Fitting in With the Neighbors
Profile House is an extension of a Californian bungalow-style home which takes advantage of its corner block and pays homage to the varied building styles in the area. BLOXAS Architects have created an unexpected space inside, and out.
Like many of Melbourne's inner suburbs, Brunswick East has an industrial past. But as more people look for housing close to the city, there is also a growing mix of family homes. A common concern for architects is how to design new homes in these areas without whitewashing the more gritty industrial past. After all, part of the appeal of these areas is the brick warehouses and eclectic mix of building styles...
A Central Deck: A central deck allows the owners to see their children playing in other rooms. It connects the home visually and allows sunlight deep into the living area.
Varied ceiling heights: The unusual roofline continues into the home, giving each room a unique feeling.
Concrete floors: The courtyard allows light deep into the home. The architect has left concrete floors exposed so the concrete can absorb the sun's warmth during the day to keep the home warmer at night.
An Unusual Boundary Fence
Similar to a typical timber paling fence. But the unmilled Victorian Ash boundary wall transforms into an elevation of different roof pitches you might encounter on any street in semi-industrial Brunswick East.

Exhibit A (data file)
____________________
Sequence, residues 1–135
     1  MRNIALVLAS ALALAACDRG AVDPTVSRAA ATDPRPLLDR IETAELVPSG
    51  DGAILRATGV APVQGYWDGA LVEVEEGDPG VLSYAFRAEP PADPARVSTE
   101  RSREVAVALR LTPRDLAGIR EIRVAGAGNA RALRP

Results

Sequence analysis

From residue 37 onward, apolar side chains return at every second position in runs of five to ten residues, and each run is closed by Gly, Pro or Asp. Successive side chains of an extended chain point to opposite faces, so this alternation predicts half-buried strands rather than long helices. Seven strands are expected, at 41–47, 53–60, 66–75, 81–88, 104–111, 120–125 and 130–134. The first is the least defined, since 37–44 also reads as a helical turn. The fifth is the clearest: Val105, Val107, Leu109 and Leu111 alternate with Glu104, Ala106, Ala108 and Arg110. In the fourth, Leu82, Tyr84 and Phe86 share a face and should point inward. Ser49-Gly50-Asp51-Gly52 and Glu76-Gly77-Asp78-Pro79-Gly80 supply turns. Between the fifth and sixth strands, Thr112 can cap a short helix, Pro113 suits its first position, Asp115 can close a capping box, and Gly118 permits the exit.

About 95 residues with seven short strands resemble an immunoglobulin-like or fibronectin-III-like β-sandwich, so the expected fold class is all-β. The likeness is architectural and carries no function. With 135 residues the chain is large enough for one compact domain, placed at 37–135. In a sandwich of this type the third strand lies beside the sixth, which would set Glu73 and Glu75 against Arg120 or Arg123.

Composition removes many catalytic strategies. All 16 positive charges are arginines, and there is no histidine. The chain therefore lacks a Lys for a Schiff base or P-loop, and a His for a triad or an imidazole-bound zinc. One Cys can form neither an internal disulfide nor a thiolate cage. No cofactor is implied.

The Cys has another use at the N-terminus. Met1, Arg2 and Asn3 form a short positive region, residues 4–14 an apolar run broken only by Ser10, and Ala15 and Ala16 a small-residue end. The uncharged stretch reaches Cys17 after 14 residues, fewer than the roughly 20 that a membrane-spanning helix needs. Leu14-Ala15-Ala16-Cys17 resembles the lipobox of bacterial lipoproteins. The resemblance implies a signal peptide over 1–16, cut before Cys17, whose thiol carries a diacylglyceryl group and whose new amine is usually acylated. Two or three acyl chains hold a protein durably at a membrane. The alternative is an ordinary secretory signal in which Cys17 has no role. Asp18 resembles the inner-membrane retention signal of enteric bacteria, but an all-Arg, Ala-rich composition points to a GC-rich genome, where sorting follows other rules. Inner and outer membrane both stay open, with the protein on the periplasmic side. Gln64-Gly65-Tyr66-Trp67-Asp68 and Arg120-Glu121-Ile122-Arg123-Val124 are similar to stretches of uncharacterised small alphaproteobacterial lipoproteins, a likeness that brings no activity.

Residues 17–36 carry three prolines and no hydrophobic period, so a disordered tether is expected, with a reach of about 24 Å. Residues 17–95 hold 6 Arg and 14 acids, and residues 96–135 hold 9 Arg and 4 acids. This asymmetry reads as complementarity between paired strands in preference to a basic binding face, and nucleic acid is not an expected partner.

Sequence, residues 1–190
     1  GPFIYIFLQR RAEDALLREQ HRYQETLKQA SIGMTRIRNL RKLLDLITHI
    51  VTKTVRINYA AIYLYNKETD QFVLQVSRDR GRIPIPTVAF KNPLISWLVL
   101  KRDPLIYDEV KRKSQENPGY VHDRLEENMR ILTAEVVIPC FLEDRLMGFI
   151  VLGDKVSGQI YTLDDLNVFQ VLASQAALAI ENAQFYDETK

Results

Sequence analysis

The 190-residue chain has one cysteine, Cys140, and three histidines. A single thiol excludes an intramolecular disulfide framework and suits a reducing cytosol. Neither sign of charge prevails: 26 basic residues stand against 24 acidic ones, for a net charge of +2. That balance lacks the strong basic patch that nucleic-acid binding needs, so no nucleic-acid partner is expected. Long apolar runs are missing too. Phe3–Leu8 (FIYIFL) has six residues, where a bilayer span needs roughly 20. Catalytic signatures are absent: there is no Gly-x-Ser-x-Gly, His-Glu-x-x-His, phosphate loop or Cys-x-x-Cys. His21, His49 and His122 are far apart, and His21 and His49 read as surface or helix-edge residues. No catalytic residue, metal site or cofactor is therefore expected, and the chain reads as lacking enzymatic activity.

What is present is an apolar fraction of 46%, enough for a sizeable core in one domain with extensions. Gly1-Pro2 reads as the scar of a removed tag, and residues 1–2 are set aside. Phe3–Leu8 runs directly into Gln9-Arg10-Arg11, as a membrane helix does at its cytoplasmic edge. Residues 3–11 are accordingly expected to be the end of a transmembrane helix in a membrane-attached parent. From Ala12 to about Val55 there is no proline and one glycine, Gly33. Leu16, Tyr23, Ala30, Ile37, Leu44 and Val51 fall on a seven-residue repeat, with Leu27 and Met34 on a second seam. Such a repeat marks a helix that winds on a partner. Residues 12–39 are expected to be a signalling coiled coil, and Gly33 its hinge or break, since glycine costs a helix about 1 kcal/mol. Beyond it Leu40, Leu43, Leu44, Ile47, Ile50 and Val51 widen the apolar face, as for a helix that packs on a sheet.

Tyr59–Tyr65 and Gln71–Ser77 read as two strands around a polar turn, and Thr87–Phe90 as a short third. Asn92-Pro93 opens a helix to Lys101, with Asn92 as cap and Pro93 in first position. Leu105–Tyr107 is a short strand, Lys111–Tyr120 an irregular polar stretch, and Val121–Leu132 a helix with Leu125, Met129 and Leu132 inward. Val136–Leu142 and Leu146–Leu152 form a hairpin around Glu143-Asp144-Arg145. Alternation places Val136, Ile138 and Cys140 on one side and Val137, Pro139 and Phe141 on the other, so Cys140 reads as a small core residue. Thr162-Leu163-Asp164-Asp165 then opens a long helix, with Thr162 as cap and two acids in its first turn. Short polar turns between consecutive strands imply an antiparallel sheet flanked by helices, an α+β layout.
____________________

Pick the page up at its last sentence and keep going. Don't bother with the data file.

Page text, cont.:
Profile House takes advantage of a corner block to highlight the various building types in the area and create a fun street frontage which might otherwise be ignored. The roof and ceiling lines of the house follow this profile, creating an interesting mix of spaces inside.
Using timber gives the street frontage a warmth, making it feel more residential than the typical brick warehouses. It also provides the home with a sense of security, an important consideration given its semi-industrial location.
Let the Sunshine In
Orientation towards the north was achieved thanks to the central courtyard. The courtyard connects the home to the outdoors and lets light deep into the living areas. BLOXAS Architects used the plentiful sunlight to their advantage by leaving the concrete slab exposed in the living area. The concrete absorbs the sun's warmth during the day, keeping the home warmer at night.
Environmental sustainability was important to both the client and architect. So careful consideration was given the home's design to minimize its environmental impact:
- The use of materials from renewable resources
- Most materials are left untreated -- avoiding noxious chemicals in sealants and paints
- Water tanks collect rainwater for reuse
- Solar hot water capitalizes on Australia's plentiful sun (even in 'dreary' Melbourne)
Sustainable Flooring: Bamboo flooring is used throughout the home because it is a renewable, easily grown resource.
Secure and street-friendly: The timber boundary wall gives the home a sense of security, but is also a fun, interesting street frontage.